Like I said, just my opinion. Your mileage may vary!

February Contest

Contest ends this afternoon! Get your entries in before it’s too late!

Sock Progress
Almost done with the first sock:


Have a good weekend, everyone!


  1. Happy Valentines Day to you and Izzy [and Ian ;-] ] too.
    I agree about AS’ use of colour. Try working out an alternative colourway to one of her designs ,keeping the same tonal flow [light-dark,,or whatever ] and hue values ,so that the pattern still reads well. It really isn’t easy !
    Garish doesn’t do it for me either.I think we all see colours differently [ or not at all in some cases ! ]. And I’d vote for loose,boxy ,comfortable and ‘unstructured ‘ [ =silly fashion phrase. All garments have structure ] .

  2. I agree with you about Scottish Collection. Some of her best fair isle works are in this booklet. The color combinations are just incredible.

  3. I think one of the problems is that the work doesn’t seem to be well photographed — now, I would expect that *I* would be unable to get true colours, but I do find it interesting that every Starmore I’ve made or seen in person looks different from the book photo. I can’t get Henry photographed well for the life of me, and the same problem I have happens in the book — the blue and the orange-y tones stand out like a sore thumb in the photo, whereas they are more subtle in real life.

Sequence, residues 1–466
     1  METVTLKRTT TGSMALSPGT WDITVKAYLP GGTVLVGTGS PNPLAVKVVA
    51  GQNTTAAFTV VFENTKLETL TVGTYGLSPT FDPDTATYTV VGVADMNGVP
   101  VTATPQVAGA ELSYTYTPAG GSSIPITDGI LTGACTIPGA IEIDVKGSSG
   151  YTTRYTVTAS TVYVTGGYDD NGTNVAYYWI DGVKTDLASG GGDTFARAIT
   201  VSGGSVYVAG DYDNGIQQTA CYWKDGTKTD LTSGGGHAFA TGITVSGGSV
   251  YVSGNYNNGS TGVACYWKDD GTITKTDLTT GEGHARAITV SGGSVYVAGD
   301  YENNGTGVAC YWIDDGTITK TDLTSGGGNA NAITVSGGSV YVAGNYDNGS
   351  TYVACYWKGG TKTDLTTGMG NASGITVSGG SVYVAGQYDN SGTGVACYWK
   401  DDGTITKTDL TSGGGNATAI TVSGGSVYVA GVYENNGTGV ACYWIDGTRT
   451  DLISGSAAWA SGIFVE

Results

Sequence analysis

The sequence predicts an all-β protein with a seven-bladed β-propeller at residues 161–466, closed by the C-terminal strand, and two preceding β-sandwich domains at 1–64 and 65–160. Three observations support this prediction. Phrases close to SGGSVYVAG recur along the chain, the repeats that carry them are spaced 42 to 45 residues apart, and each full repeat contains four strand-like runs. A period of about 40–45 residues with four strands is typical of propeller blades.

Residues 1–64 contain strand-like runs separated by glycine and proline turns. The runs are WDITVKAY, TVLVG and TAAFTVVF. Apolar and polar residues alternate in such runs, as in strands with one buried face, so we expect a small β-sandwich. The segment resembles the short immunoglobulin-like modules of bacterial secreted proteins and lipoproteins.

Emma makes a good point, too — I’ve been trying to “analyze” what Starmore does with colour to try to figure out what to do for a fair-isle idea I’m working up for my husband. But it’s a real challenge. And it’s not just the backgrounds or foregrounds, it’s also how they work together, while all the while colours are changing in both.

    I think it’s all too easy to dismiss her for a variety of reasons, but it’s unfair not to recognize that she has some real strengths.

  4. Me too! I consider myself pretty artistic, but I’m rendered speechless by Alice’s color sense. I can put together a decent fair isle pattern using maybe 5 to 7 colors but I can’t imagine being able to whip up a pattern for a twenty-color design like oregon. I think Jade’s color sense is awesome too, but I don’t care as much for her recent designs — her fair isles are tending toward the abstract, wherein I like traditional motifs.

  5. I am one of the folks that think Scottish Collection is ho-hum. It may be that as a former part-time employee of Tomato Factory (who published the book in conjunction with Broad Bay), that I’m just jaded with the designs in it. Or it could be that I think the entrelac sweater (modelled by designer Carol Lapin) is just hideous. Or it could be that I can’t believe that a small, paper-bound, over-sized pamphlet fetches prices of $500. Whatever it is, if I had a copy, I would have sold it when prices got to $50, figuring nobody would ever pay such an outrageous price once they came to their senses.